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About Us

The Royal Conservatoire of Scotland (RCS) is a place like nowhere else, powered by performance, its people and their passion.

Founded in 1847, Scotland’s national conservatoire is a global leader in performing arts education, consistently ranked in the top ten of the QS World University Rankings.

Specialist tuition across music, drama, dance, production, film and education under one roof creates an environment where artists move between disciplines, immersed in a culture of creativity and collaboration that sparks bold new work and ways of thinking.

Students learn from the best at the Royal Conservatoire of Scotland, where they work alongside award-winning teaching staff, industry experts and internationally acclaimed guest artists.

And as the only conservatoire in the country, RCS is uniquely placed to partner with the nation’s leading artistic companies to provide one-of-a-kind learning experiences.

Here, students grow into the artists they want to be, where they’re encouraged to develop not just their art but their power to use it.

A range of dance, acting, music RCS students posing on set.

Our vision:

To create and maintain a sustainable community that nurtures, supports and celebrates inclusive art making from grassroots to world-leading performance and production.

Find out more about RCS on our pages below:

Our History

Our Policy

Our Governance


Why RCS?

We are the only place in Europe where you can study all of the performing arts on the one campus. There is a distinctive creative energy at RCS and you’ll be made to feel part of our inclusive and diverse environment from the very beginning of your studies.

Our graduates are resourceful, highly employable and members of a dynamic community of artists who make a significant impact across the globe.

At RCS, students develop not just their art but their power to use it.


A ballerina wearing a teal dress jumps over the Kelpies monuments in Scotland during a grey day.

World Top Ten

We were voted one of the world’s Top Ten destinations to study the performing arts (QS Rankings) in 2024, the eighth time we have been placed in the top ten since the ranking was established in 2016.

Our People


A Lecturer of Movement provides feedback to students during a class. He is smiling, hands out in front of him, and three women watch him as he speaks.

Staff A-Z

More than 1000 lecturers, tutors, artists, technicians, co-ordinators and support staff work at the Royal Conservatoire of Scotland across all of the many art forms. As a student here, you will be working with some of the finest educators and performing and production artists in the country. Update in Progress (March 2024)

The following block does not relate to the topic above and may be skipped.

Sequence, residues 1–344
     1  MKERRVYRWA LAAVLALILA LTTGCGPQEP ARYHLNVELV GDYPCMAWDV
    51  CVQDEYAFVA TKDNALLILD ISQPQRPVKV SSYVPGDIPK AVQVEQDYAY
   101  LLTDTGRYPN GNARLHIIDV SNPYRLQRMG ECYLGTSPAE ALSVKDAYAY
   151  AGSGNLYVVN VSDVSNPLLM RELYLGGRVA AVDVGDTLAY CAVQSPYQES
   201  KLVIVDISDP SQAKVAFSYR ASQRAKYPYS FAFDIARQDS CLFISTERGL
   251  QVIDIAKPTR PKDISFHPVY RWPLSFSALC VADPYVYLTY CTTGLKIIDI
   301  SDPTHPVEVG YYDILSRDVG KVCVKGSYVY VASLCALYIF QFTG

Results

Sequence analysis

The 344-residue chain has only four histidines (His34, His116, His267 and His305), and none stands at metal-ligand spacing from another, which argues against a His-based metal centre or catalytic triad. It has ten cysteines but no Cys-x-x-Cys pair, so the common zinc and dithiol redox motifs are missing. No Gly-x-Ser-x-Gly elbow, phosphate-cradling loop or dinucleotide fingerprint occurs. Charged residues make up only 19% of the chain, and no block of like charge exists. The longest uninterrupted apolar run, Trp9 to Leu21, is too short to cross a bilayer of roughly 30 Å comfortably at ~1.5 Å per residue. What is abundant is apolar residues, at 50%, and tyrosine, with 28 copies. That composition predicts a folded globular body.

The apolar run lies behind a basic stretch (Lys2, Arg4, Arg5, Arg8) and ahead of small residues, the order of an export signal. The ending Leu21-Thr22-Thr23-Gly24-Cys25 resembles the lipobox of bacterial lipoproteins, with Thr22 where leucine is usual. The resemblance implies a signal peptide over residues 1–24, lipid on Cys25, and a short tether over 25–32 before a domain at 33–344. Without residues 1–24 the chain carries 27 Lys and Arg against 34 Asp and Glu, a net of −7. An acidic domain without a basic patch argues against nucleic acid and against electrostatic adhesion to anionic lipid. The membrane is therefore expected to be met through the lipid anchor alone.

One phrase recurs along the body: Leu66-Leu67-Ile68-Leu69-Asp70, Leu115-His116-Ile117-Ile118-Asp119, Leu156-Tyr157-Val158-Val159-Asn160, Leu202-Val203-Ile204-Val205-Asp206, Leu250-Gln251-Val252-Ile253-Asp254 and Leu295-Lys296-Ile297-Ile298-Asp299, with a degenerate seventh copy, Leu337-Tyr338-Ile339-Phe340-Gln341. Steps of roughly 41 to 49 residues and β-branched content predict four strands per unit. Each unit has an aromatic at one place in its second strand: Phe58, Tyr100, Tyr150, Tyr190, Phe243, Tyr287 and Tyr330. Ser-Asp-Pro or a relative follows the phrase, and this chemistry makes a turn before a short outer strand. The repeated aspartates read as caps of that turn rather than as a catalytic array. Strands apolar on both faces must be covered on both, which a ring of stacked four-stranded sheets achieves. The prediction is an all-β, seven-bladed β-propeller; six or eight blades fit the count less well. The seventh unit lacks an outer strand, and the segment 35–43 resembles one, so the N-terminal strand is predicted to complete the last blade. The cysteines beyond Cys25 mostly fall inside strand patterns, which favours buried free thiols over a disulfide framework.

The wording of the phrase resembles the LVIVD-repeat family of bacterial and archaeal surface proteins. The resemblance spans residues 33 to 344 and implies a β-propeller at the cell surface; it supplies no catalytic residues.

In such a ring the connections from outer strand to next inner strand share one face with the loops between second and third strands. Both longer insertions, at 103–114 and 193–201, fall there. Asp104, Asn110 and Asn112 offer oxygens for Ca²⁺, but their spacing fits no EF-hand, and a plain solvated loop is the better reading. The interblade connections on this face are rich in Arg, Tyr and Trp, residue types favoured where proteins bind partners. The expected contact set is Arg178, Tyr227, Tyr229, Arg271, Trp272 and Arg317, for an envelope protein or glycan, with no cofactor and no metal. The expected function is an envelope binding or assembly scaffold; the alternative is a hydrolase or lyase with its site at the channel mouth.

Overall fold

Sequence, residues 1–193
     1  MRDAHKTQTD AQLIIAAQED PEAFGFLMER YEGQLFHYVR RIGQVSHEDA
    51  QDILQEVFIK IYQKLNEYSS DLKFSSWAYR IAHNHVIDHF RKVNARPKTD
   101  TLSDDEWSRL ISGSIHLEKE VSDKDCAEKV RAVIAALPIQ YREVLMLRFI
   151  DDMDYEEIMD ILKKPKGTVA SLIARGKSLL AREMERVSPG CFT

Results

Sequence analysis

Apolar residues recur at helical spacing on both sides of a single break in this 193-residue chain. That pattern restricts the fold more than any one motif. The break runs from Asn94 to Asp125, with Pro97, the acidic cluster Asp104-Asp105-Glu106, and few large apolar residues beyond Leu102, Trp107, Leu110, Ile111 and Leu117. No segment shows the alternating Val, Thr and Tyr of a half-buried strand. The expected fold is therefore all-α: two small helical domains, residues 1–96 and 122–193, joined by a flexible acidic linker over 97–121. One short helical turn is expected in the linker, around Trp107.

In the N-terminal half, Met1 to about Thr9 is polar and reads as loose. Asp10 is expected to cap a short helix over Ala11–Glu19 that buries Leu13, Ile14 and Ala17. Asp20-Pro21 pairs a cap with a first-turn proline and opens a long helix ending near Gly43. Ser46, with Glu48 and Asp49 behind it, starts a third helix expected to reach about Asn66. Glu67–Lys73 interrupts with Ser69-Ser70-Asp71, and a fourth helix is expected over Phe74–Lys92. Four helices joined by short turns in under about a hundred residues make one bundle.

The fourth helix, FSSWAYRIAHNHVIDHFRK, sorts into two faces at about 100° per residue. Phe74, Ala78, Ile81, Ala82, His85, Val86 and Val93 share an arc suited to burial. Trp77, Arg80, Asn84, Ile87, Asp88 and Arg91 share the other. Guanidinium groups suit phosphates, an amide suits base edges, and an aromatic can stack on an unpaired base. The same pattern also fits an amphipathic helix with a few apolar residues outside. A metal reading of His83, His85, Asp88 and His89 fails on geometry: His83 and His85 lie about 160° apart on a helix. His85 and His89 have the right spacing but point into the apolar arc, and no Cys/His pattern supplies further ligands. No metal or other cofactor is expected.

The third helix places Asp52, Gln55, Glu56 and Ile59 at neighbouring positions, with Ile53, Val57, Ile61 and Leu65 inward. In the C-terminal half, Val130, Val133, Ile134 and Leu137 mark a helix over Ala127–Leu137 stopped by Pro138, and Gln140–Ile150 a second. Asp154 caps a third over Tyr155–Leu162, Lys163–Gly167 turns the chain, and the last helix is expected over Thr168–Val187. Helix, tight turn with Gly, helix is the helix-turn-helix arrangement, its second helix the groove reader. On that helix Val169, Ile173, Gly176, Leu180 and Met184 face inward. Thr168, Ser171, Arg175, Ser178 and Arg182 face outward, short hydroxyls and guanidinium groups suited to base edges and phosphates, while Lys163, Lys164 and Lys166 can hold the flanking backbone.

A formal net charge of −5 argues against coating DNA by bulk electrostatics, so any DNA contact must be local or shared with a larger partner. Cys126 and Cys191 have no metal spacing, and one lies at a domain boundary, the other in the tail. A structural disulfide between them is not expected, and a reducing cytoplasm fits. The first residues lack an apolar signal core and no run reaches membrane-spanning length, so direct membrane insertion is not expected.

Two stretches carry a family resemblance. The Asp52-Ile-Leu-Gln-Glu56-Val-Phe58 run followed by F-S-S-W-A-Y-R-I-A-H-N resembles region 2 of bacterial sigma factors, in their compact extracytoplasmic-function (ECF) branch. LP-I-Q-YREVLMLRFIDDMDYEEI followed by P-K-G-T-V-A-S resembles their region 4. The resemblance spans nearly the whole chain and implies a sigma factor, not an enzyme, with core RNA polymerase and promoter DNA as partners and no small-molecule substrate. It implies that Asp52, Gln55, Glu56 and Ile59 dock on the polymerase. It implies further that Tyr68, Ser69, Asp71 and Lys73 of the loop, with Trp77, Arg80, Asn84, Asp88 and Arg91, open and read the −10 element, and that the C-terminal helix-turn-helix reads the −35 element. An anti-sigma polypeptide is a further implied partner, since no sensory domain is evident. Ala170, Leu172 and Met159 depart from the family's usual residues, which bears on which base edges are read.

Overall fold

Get Involved


At the Royal Conservatoire of Scotland, we are committed to ensuring our practices, performances and policies are carried out in the most sustainable way possible.

We have a responsibility to reduce our impact on the environment and continue to seek new and innovative ways to improve the sustainability of our operations.

You can find out more about our sustainability practices and news on the Green Room

Equality, Diversity and Inclusion

Equality and Diversity are of central importance to our working ethos. Performance is our purpose at the Royal Conservatoire and the nurturing and development of the individual creative potential inherent in each and every member of our community, staff and students alike, lies at the very heart of our efforts. In turn, this means that the unique identity of every single individual who works or studies here is valid and is valued and respected.

You can find out more about our EDI work and read our Dignity & Equality policies by following the links below:

Our Royal Patronage

Our Royal Patron is His Majesty King Charles III, formerly The Duke of Rothesay, who was first appointed Patron of the Royal Conservatoire of Scotland in 2003 and retained his patronage in 2024.

The Royal Conservatoire of Scotland received its royal prefix in 1944 from King George V. The then-Queen Elizabeth assumed the role of Patron, a role in which she continued as Queen Elizabeth, The Queen Mother until her death in 2002. Following in his grandmother’s footsteps, His Majesty King Charles, as Duke of Rothesay at that time, became Patron in 2003.

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